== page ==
Are there any other new initiatives you’d like to mention?
I’d like to talk about the European DataHub, which we launched with 4Global last year to cost-effectively provide instant, reliable data for our sector. Predominantly covering the commercial sector in Europe, it’s one of our biggest investments ever and has been made possible by members of Europe Active’s President’s Councils, who’ve been incredibly supportive during the pandemic.
Data comes in directly from digital sources across our ecosystem – our members’ digital platforms and software – and can be used to monitor customer behaviours, for example. We’ll be able to see increases and decreases in memberships and how consumers and members of clubs shift between offerings; if it had been live during Omicron, we’d have been able to immediately see how many members we lost as a result, rather than having to manually draw down this data.
It’s about securing reliable data and research on which to base our decisions and business models, rather than gut feel. It’s also about better resourcing our public affairs initiatives, making sure the right arguments get to the right politicians and decision-making authorities.
For example – in partnership with universities represented on the Scientific Advisory Board of our new research unit, Think Active – we’ll be doing some socio-economic modelling on the data. The goal will be to better understand our sector’s social impact, asking questions such as: ‘If we significantly increase access to regular exercise for citizens of all backgrounds, what impact would that have on crime rates in this community?’
That, of course, requires other sets of data to be combined with ours, but doing this will allow us to far better demonstrate the direct and indirect impact of our sector in society. That’s what we want to do in the coming years, putting this knowledge into the hands of our public affairs people to, in turn, take to political stakeholders.
Would deeper global collaboration be beneficial?
During the pandemic, a lot of trade associations around the world not only grew stronger but also began to collaborate more closely than ever before. As a result, there’s now an informal network of associations around the world and I believe we have a unique opportunity to formalise that this year, turning it into a federation of associations that speaks with one voice globally.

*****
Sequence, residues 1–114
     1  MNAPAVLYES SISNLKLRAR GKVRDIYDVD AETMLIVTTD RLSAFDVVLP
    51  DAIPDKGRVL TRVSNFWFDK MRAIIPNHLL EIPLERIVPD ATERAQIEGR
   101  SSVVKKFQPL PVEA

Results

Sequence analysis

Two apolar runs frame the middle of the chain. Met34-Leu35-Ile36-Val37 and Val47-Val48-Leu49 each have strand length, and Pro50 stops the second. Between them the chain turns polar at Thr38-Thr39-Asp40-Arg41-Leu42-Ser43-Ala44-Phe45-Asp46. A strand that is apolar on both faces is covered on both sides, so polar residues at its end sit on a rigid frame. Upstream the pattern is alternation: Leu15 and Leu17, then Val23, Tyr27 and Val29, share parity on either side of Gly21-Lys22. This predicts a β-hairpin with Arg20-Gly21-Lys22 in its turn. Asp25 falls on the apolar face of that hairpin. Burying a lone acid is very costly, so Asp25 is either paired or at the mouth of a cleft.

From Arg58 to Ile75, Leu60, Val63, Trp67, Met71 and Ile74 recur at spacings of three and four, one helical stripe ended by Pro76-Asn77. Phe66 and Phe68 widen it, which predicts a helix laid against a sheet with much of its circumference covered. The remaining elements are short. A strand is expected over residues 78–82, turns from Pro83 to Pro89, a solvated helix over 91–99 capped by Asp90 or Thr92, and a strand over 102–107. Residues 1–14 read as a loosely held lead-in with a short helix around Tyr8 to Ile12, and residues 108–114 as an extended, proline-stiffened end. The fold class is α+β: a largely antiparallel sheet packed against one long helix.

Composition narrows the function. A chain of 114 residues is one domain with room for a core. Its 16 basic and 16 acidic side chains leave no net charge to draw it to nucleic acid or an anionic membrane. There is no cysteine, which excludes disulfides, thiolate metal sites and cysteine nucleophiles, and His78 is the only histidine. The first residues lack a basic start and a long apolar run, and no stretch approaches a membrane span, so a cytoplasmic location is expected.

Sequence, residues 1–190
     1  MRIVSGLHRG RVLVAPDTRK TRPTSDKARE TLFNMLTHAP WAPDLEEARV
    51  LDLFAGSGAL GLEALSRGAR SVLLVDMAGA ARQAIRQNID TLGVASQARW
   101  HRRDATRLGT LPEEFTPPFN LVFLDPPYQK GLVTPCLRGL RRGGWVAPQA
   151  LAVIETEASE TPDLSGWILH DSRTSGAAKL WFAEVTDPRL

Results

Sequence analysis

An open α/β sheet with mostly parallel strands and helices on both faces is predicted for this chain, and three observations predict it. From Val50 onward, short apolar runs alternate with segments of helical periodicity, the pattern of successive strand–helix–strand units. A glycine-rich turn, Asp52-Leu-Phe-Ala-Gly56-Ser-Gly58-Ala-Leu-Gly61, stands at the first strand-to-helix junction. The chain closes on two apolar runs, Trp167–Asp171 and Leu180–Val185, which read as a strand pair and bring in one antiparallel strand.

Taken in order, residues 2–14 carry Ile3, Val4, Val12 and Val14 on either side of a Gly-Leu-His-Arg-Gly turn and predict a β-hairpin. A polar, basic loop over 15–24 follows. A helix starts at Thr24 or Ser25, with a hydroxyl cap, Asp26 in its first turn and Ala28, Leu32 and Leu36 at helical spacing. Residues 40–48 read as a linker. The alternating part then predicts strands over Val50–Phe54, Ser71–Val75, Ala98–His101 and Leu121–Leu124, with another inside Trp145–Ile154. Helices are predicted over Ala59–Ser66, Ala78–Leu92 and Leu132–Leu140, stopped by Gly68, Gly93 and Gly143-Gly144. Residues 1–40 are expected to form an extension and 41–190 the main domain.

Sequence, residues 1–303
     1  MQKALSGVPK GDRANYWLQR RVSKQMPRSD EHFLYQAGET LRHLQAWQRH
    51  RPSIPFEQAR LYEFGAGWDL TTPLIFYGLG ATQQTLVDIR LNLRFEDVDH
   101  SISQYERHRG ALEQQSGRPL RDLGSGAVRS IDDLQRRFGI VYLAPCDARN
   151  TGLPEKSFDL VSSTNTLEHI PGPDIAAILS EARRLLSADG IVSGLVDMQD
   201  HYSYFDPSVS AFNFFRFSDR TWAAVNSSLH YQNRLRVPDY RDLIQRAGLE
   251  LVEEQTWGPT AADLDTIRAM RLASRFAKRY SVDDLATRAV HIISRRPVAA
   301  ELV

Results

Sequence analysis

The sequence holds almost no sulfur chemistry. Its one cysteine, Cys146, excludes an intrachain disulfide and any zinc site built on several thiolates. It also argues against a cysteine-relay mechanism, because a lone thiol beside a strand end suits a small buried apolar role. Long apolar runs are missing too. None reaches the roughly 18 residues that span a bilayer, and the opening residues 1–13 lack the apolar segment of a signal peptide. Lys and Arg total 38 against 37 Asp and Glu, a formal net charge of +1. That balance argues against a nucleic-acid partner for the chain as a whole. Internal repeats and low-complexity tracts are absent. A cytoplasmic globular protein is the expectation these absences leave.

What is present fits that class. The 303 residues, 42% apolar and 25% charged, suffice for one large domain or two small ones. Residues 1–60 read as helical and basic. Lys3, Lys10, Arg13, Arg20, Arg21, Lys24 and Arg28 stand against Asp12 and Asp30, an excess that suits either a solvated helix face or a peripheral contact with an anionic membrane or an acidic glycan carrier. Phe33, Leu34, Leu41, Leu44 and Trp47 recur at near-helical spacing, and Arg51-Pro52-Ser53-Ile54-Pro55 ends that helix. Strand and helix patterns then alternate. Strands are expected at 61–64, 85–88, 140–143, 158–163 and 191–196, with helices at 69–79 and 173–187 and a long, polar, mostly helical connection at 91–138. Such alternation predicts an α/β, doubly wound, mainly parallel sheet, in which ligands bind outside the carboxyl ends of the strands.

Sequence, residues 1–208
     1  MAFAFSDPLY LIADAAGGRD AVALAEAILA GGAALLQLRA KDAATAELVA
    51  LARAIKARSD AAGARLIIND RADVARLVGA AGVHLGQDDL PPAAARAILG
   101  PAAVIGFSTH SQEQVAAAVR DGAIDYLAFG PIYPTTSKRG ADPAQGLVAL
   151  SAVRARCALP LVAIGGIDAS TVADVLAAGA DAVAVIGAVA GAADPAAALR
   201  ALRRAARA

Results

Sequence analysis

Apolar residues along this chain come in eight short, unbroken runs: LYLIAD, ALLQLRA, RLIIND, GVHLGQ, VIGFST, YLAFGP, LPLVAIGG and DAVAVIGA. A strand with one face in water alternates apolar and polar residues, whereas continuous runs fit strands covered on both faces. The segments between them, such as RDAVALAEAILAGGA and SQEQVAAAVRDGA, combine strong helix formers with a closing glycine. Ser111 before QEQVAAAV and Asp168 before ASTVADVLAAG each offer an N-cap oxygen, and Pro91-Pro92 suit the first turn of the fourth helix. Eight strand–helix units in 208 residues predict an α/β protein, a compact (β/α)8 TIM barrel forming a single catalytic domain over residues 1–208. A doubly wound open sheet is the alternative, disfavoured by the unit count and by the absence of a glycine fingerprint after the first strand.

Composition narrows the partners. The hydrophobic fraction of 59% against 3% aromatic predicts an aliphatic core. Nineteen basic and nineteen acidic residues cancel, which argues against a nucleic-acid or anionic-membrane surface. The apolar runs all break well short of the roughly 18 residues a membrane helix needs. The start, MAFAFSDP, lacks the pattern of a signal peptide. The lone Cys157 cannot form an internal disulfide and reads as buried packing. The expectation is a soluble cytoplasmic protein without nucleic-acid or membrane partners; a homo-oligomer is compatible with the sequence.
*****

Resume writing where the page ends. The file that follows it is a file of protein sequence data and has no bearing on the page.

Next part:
If this happens, it should be a democratic body, not a semi-commercial business. It should be completely transparent and accountable – a forum of peers sitting around a table representing their respective continents and regions.
In this federation, Europe Active would represent Europe; I consider Europe to be my country and I don’t have any global ambitions beyond doing good for the whole sector. My ambitions for Europe Active are simply this: to improve the image of our sector, making sure we become a public health solution in the eyes of the majority of our societies; and to represent the European sector in the best way possible at the global table, including helping like-minded partners across the world.
So for me, a global federation represents a wonderful opportunity to help others – up-and-coming African associations, for example. I’d love to see a formal system for sharing resources and best practice.
It would also allow us to pool resources to achieve far greater impact: funding global rather than regional reports in collaboration with university partners around the world, for example, and creating much stronger campaigns for our sector.
There’s too much duplication of effort at the moment, and supporters are rightly asking why they’re having to pay multiple organisations to push the same global agenda.
From our perspective, we’re very happy to share. We already did so freely during COVID. We just want to do it in a fair way, with the same open spirit of collegiality across the board. Any federation must be based on trust and mutual respect: handshakes that say we believe in each other and our sector and that, in the spirit of partnership, we’ll pool our resources and do this together.
In the end, this is what our sector expects of us. Trade associations are expected to collaborate, not compete. We’re expected to show respect for our supporters by spending their resources as wisely as possible. We’re expected to be places of peace and representation that gather the entire ecosystem around agenda points that are common to everyone. I firmly hope, and indeed believe, that the formalisation of this global federation will happen.